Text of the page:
It's said that good fences make good neighbors, but when that fence is a shared wall in a gentrifying Philly neighborhood, civility is left at the door as tensions boil and raccoon carcasses are deposited on doorsteps in an all-out war. Meanwhile, tension among Pennsylvania and New Jersey soybean farmers caught in the middle of a tariff trade war between President Trump and China is rising as they ask for free trade over a presidential payout.
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For as long as there have been neighbors, there have been feuds. But Philadelphia's fast-changing, densely built rowhouse communities — where next-door neighbors share a party wall but sometimes very little else — can be particularly fraught.
As students pile in alongside third-generation homeowners and young professionals purchase new construction at quadruple the price of the house next door, conflicts too often blossom into all-out wars. The weapons: a call to the cops, a knife to a tire, and even, in one chilling case, a dead raccoon on a doorstep.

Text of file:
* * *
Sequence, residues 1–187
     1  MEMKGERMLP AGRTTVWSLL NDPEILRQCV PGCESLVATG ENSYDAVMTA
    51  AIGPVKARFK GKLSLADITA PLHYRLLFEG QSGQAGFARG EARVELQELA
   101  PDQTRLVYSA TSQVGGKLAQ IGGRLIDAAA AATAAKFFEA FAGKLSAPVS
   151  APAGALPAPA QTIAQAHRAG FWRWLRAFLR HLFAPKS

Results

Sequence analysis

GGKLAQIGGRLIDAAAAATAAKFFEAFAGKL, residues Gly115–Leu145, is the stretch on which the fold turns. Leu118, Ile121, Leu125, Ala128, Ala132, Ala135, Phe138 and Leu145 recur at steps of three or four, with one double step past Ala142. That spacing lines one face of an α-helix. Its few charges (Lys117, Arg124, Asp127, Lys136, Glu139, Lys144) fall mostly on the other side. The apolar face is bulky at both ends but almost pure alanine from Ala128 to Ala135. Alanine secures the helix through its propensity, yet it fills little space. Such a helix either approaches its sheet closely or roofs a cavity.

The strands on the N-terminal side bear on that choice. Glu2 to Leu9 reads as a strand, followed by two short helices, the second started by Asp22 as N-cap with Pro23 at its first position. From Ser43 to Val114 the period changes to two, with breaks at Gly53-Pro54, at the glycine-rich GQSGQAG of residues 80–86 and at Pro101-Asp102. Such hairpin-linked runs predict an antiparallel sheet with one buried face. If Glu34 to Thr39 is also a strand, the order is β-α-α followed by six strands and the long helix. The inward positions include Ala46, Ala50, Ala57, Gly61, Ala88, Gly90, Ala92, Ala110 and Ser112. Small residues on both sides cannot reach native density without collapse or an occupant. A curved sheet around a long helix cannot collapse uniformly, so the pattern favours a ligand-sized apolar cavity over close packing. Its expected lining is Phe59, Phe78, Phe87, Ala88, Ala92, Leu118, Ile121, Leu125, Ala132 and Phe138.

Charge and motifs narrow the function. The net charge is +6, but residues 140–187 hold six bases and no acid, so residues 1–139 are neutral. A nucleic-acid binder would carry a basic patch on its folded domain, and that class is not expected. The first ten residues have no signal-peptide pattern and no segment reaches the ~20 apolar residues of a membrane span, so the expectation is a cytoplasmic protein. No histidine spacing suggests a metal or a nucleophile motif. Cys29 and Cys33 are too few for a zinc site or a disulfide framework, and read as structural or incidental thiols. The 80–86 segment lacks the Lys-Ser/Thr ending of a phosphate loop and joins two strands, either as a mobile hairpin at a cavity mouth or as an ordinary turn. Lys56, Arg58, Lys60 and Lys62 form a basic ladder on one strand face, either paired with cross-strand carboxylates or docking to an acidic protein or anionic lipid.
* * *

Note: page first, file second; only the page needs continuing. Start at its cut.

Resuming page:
And while the president has asked the nation's farmers to "be a little patient" and offered $12 billion in emergency relief, they are repeating a familiar mantra: they want free trade, not aid.
If you're planning on beating the heat by heading down the Shore this weekend, bring an open mind and an empty stomach. Inquirer food critic Craig LaBan has unearthed some of the Shore's lesser-known culinary gems, out of the way but most definitely worth the trip.
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